Why the title Evil Music for your first ep? Did you want to make sure mom’s that were dropping their kids off at the University didn’t accidently buy punk rock for their kid’s dorm room hi-fi system? Or was the Leper’s music really evil?
‘Evil Music’ was Alan’s creation. I think it tapped into a vibe he had always tuned into about people’s warped perceptions of rock music in religious Oklahoma. We were always butting heads with wackos in Tulsa about such things. Once when I was very young and being made to attend Sunday school, I announced that I loved collecting rock records and the teacher scolded me and told me I was falling into the grips of Satan or some such shit. Needless to say, I stopped going to Sunday school shortly after.
On that first record the band gives credit to John Hinkley Jr. for writing the lyrics to: “So we can talk”. Was he your number one fan? Actually, the band JFA (Jody Foster’s Army) were investigated by the secret service so I’m told because of their band name. Did associating with John Hinkley Jr. get the band any unwanted attention from the government?
I truly wish I could say John Hinkley Jr. was our number one fan, but I doubt he ever heard the song. Laz found the poem Hinkley had written in an article and we put music to it. I loved that track, it fell together easily. This was when the band was right on the cusp of changing into a faster, louder HC band. We actually sounded more like Pere Ubu at this time and were covering more ‘new wave’ songs like early Modern English, Gun Club and Wire. I’m not aware of any government surveillance about the Hinckley connection, but who knows? I think the government was probably more interested in our connections to radical anti-nuke people in Boulder. We lived and worked with a bunch of those guys and some of them were pretty damn radical.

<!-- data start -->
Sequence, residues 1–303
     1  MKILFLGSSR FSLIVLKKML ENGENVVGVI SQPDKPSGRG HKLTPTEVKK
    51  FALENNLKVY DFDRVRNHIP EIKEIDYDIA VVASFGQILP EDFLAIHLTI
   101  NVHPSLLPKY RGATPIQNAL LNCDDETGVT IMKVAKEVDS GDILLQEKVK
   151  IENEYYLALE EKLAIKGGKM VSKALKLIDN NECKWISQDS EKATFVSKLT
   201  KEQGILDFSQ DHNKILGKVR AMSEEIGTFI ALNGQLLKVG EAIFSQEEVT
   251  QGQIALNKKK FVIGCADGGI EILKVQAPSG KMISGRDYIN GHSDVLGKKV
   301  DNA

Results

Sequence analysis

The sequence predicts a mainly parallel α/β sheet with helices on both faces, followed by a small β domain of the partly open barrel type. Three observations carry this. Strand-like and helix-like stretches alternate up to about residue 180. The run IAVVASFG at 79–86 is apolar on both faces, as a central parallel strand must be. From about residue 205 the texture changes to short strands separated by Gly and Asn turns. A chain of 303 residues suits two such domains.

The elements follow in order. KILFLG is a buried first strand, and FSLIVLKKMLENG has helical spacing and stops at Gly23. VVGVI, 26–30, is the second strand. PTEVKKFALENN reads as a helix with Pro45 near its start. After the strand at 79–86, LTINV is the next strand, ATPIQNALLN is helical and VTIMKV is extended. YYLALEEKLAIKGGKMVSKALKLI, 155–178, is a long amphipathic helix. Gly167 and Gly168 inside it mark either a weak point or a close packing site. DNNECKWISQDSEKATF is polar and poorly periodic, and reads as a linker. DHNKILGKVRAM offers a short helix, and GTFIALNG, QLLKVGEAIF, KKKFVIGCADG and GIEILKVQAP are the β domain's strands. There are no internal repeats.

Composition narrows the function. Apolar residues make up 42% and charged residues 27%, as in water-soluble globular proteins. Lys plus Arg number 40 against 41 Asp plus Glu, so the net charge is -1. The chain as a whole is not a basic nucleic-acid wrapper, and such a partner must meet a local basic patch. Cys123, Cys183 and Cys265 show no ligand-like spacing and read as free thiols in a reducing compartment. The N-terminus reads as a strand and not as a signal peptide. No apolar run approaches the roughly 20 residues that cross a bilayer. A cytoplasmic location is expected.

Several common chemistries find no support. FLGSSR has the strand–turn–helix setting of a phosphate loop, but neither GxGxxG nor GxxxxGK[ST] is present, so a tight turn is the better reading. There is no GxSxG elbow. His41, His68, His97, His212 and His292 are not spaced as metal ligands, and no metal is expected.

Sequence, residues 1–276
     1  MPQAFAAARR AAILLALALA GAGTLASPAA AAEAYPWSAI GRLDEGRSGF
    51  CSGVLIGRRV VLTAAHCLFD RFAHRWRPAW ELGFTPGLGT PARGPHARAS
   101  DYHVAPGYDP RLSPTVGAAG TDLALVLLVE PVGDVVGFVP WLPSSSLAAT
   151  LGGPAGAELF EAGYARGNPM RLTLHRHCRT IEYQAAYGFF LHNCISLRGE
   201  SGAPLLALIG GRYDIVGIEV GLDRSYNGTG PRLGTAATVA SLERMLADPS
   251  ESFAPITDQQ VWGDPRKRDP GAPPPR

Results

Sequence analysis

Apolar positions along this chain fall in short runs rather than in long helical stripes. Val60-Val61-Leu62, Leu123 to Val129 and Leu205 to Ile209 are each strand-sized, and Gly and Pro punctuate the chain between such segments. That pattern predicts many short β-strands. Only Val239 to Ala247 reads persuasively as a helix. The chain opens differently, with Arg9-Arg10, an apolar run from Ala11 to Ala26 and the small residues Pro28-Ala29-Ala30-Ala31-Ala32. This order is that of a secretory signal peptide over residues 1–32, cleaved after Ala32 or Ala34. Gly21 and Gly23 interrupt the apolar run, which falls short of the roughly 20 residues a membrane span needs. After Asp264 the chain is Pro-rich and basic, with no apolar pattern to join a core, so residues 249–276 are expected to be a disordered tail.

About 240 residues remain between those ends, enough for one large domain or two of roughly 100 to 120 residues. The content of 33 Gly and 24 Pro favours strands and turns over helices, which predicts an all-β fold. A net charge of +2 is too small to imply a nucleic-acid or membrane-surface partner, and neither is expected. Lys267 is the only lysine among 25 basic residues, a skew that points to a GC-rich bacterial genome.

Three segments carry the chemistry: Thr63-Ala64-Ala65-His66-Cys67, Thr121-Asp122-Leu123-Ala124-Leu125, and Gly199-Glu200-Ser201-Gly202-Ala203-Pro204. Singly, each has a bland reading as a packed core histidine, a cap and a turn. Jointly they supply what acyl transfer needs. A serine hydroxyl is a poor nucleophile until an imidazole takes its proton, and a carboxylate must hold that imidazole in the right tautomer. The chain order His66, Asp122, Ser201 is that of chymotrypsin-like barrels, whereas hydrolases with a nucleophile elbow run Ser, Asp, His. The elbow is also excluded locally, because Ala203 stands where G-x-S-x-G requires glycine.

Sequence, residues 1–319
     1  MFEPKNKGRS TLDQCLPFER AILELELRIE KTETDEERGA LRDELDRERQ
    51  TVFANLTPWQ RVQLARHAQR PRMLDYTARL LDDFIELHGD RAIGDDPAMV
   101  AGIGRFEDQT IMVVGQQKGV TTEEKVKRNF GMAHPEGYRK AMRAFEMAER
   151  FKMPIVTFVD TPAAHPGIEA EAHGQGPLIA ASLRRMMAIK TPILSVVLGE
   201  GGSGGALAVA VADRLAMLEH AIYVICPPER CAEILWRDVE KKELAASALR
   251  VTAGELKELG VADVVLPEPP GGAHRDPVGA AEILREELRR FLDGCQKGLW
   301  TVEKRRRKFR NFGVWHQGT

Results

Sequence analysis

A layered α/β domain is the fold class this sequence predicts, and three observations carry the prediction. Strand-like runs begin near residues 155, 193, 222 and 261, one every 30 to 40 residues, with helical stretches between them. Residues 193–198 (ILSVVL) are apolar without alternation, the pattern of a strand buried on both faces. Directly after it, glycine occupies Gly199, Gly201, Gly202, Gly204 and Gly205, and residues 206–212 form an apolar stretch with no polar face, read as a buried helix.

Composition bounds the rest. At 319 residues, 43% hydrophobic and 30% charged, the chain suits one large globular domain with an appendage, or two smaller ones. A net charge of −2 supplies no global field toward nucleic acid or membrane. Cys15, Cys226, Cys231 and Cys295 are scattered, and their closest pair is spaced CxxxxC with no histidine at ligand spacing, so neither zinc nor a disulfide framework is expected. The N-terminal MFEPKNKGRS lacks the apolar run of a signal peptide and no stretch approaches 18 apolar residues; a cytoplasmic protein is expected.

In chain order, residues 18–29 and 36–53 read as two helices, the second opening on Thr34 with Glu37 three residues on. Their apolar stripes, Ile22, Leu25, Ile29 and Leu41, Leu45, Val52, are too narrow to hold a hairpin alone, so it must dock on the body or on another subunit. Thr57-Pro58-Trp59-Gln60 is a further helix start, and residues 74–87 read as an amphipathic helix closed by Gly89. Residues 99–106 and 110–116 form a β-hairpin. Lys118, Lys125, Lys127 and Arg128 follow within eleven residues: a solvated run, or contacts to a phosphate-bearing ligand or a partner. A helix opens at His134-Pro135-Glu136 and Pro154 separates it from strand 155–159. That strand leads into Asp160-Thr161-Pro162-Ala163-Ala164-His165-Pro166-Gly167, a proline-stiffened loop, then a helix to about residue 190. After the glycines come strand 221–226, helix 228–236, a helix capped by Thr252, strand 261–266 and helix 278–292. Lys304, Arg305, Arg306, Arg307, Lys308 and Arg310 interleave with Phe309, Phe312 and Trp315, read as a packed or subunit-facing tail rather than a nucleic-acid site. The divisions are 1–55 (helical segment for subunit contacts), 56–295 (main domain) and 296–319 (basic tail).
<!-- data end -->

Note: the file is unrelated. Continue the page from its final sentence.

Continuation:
We started the label ‘Unclean Records’ to produce the Lepers singles, with no real ambition to extend to other bands. Laz came up with the name and we all sort of pitched in different tasks to get it up and running. Our first post office box was up on The Hill in Boulder. Everything was done DIY, everything was done with crappy Xerox machines and when you look at it now, it was some pretty crude work. But, in early 80s DIY was quite acceptable and we enjoyed the independence. If we had been equipped with computers and software and such that we have today we could have ruled the world! Once I decided to leave the band in May ’84 and move back to Tulsa, I had decided to raise my own money and release the N.O.T.A. “Moscow” EP, the Rhythm Pigs “An American Activity” EP and The Massacre Guys “The Rider” EP. I picked up work in Tulsa and began saving the money to do just that. My family in Tulsa thought I was insane and I can’t say they were wrong. Hah! I just carried on the label name for the sake of continuity more than anything else. I did play around with name changes but we had already received some recognition in national magazines so I decided to stick with Unclean.